I wasn’t surprised to hear that many farmers had taken the decision not to renew their Environmental Stewardship Scheme for 2016.
The statistics say it all, with 11,000 agreements coming to end and only 2,314 applications for the new middle-tier scheme.
This is a lost opportunity and a great disappointment considering the massive input from land managers, their advisers and Natural England over the past 10 years.
I have some sympathy with the comment made that Environmental Stewardship has moved away from growers and not the other way round.
In our own case we have put an application in and hope for success. I feel that there has been a lack of engagement between the Natural England hierarchy and would-be applicants over the main area of process and what is practical or possible on the ground.
Several Natural England project officers have vented to me their extreme frustrations with the scheme and its application process.
In our own case, as the 30 September deadline came not long after a late harvest and at the peak of the sowing season, we only were able to make an application by outsourcing it to the Farming and Wildlife Advisory Group (FWAG).
This was not only because of the time factor, but also due to the complexity of making an application, including navigating your way around 724 pages of guidance notes that are only available on Defra’s website.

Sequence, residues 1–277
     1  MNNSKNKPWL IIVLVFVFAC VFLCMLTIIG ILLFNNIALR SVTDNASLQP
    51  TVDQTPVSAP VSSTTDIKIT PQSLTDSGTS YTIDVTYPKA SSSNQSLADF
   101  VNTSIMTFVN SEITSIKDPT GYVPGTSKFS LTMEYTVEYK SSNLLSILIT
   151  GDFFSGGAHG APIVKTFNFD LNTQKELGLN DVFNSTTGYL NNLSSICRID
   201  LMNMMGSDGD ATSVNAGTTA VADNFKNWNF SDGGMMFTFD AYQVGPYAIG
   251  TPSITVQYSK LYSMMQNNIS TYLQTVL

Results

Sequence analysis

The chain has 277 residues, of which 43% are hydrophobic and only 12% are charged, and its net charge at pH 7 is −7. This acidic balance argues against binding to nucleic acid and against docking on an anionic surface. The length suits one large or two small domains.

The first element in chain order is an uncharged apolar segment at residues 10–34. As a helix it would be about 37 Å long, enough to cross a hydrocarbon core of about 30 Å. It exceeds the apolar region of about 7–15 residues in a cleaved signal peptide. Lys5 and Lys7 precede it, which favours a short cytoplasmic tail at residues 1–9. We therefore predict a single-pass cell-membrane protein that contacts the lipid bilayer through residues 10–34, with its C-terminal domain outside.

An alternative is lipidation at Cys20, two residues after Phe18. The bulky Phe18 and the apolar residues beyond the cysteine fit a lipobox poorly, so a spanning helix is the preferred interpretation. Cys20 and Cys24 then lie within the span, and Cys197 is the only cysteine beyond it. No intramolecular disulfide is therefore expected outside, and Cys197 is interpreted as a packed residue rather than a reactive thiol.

In our area FWAG was asked by many for assistance but had to turn several requests away in the later stages. This was when growers hoping to make an application themselves looked for assistance, having realised what was involved in putting an application together.
Even since lodging our application, we have now learned that 2016 applicants won’t be allowed ‘dual use’ with some of their options that they were going to use for EFAs as well.
We are going to press on for 2016 but I have heard others say they will delay until 2017 when they hope they will be able to ‘dual use’, while a couple of others have thrown up their hands and say they will withdraw their applications.
Thank goodness we renewed our ELS/HLS agreements on the majority of our land as the scheme was closing.
Robert Law, 2006 Farmers Weekly Farmer of the year, farms 1,500ha on the Hertfordshire/Essex/Cambridgeshire borders growing cereals, turnips, mustard, forage rape for seed and sugar beet, plus 300ha of grassland supporting a flock of 2,500 ewes. He also manages 500ha of Nottinghamshire sandland